Swap the magazine release to the left, if you haven’t already, as the extended one will take its place. Despite what the instructions state, I had to remove the adjusting screw from the backside of the lever to get it to work with Glock magazines. Heed their warning about some thread-locker though. I use blue Loctite. From there, drop in the receiver. It’s a tight fit, and for a moment, I didn’t think it was going to happen. Then it dropped in. At this point, the front takedown screw gets installed, but not tightened, with some Loctite as well.
A Delrin washer holds the rear screw in place. That has to be installed before attaching the adapter through the chassis, to the receiver. Then, tighten the front and rear takedown screws a bit at a time, and torque to 30 inch/lbs. Now the grip can be installed. Whether using the included one, or another of your choice, use the supplied screw. It’s 1/4-20 x 5/8, while an AR screw is 1/4-28. So don’t screw that up. Finally, install the buffer tube (or receiver extension). It should go all the way until it bottoms, then back it out until it’s aligned. Lock it in place with a castle nut, and install your stock or brace.
The PC Carbine has always been fun to shoot, but I’m not a fan of “off-the-rack” firearms. The stock was okay, but not great. With the Upriser Chassis, it’s a different firearm altogether. Yes, my Vortex Spitfire is right at eye level. Had I chosen a smaller reflex sight, it would probably sit too low. Being able to adjust the length of pull is a necessary and therefore worthwhile feature too. The grip is comfortable. It’s worth mentioning a second time that I want to put the same one on my Ruger Precision Rimfire. Magazines drop with the press of my trigger finger. My support hand’s palm does not put enough pressure on the button to accidentally release it.
How much precious 9mm ammo did I burn through to fully test this chassis? Let’s just say that my wallet will recover, but it definitely left a mark. With the handling getting closer to that of an AR, it was fun to swing between a gong and some empty cans. Using Magpul PMAG GL9 magazines in 17 and 21 round capacity, I had zero issues. They slid right up into the magwell, and back out when empty a few seconds later. And the magwell seemed secure enough, if you’re a magwell gripper. Overall, everything worked as expected. If I end up having any issues in the future, I’ll update this article.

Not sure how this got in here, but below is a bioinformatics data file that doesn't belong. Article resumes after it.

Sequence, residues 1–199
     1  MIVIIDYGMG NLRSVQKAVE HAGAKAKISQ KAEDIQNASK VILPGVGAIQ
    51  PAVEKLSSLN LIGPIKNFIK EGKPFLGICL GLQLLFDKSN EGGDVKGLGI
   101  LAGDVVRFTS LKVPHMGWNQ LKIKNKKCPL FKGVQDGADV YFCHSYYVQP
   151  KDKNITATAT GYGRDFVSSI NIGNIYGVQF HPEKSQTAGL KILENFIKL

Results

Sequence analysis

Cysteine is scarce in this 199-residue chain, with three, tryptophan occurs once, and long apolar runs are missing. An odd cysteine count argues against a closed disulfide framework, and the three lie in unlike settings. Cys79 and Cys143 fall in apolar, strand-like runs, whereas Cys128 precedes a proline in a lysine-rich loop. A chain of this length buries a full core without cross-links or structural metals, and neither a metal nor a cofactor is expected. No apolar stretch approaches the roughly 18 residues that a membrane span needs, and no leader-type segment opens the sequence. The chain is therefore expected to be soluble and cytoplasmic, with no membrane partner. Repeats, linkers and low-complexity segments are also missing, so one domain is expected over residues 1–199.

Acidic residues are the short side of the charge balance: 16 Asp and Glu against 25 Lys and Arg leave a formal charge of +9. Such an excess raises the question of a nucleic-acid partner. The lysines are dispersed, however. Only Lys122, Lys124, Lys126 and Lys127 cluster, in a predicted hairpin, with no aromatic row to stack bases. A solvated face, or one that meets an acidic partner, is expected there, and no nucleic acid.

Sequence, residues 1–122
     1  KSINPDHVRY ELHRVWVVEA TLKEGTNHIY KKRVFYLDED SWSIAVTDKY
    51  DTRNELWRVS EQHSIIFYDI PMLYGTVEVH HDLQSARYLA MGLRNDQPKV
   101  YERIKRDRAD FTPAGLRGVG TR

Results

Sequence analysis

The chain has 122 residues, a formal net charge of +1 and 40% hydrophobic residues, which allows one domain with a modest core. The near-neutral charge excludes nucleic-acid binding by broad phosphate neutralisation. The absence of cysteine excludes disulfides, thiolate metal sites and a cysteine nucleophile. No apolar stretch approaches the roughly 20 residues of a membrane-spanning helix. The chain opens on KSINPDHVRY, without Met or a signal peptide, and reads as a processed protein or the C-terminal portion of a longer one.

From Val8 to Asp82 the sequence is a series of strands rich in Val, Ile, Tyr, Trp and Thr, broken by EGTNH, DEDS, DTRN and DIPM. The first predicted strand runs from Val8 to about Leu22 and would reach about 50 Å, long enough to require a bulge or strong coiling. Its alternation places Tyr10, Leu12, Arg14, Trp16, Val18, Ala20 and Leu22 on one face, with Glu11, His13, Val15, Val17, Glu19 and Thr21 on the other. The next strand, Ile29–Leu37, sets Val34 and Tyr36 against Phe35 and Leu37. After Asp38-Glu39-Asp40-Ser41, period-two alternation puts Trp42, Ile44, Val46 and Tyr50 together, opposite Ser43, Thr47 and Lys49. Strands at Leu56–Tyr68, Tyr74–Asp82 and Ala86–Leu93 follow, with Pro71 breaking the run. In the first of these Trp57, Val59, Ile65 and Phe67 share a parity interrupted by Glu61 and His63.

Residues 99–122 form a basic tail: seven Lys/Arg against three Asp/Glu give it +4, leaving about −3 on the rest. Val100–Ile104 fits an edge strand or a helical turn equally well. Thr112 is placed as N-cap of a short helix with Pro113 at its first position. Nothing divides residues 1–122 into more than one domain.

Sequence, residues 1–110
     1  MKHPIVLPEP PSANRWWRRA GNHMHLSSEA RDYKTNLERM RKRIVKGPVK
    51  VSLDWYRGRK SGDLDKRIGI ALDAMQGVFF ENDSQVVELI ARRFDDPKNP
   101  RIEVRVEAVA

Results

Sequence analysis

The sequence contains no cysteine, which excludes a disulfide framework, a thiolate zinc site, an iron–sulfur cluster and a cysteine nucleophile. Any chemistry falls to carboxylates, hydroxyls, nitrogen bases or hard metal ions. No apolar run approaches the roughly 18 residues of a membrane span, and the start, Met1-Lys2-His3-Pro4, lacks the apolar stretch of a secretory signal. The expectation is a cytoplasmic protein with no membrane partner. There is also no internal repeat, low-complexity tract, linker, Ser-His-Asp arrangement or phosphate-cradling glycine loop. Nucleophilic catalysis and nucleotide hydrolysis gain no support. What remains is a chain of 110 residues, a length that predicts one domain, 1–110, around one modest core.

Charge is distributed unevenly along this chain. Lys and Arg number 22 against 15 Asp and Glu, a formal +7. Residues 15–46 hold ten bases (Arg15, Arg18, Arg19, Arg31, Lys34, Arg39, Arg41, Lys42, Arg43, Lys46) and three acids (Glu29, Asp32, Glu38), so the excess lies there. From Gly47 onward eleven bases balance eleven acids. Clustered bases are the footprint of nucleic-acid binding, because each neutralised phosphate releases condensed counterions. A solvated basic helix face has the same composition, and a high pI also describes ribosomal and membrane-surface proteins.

The Upriser Chassis with Straight Stock Adapter transformed my PC Carbine from something of a novelty (a 9mm takedown carbine) to a genuine contender in the 9mm PCC (Pistol Caliber Carbine) debate. I know the newer models have the option of pistol grips and adjustable stocks. But I was an early adopter, and got mine before those were options. And now I have no regrets. Aside from some small styling quirks, this is pretty much how I would have liked to see it set up from the factory. A proper handguard is still a “take it or leave it” consideration. The forend is just fine for my shooting style.
I’d like to thank TandemKross for allowing me to be one of the first to try this new version of the Upriser Chassis. If you want to get your own, or just check out all the other performance parts they offer, head over to their website. There’s a lot to see, for a wide variety of firearms.
Comments? Questions? Have any of our readers tried out either version of the Upriser chassis, or any of their other parts for the PC Carbine/Charger? Feel free to share below.